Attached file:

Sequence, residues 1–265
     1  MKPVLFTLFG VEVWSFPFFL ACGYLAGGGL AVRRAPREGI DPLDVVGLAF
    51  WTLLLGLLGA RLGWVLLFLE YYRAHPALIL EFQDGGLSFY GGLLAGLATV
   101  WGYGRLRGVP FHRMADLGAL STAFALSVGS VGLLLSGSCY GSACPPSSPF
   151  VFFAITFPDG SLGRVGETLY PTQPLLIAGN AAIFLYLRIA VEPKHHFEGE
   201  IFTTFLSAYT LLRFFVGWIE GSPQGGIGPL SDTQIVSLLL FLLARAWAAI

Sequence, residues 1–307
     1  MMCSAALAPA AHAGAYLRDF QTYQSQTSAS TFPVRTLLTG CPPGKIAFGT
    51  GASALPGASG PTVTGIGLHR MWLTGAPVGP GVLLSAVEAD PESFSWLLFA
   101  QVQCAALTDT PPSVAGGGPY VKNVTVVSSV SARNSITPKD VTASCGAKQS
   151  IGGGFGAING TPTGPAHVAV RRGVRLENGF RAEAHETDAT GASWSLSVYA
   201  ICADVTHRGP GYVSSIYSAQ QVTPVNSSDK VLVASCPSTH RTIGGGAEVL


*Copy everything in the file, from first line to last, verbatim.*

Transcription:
Sequence, residues 1–265
     1  MKPVLFTLFG VEVWSFPFFL ACGYLAGGGL AVRRAPREGI DPLDVVGLAF
    51  WTLLLGLLGA RLGWVLLFLE YYRAHPALIL EFQDGGLSFY GGLLAGLATV
   101  WGYGRLRGVP FHRMADLGAL STAFALSVGS VGLLLSGSCY GSACPPSSPF
   151  VFFAITFPDG SLGRVGETLY PTQPLLIAGN AAIFLYLRIA VEPKHHFEGE
   201  IFTTFLSAYT LLRFFVGWIE GSPQGGIGPL SDTQIVSLLL FLLARAWAAI

Sequence, residues 1–307
     1  MMCSAALAPA AHAGAYLRDF QTYQSQTSAS TFPVRTLLTG CPPGKIAFGT
    51  GASALPGASG PTVTGIGLHR MWLTGAPVGP GVLLSAVEAD PESFSWLLFA
   101  QVQCAALTDT PPSVAGGGPY VKNVTVVSSV SARNSITPKD VTASCGAKQS
   151  IGGGFGAING TPTGPAHVAV RRGVRLENGF RAEAHETDAT GASWSLSVYA
   201  ICADVTHRGP GYVSSIYSAQ QVTPVNSSDK VLVASCPSTH RTIGGGAEVL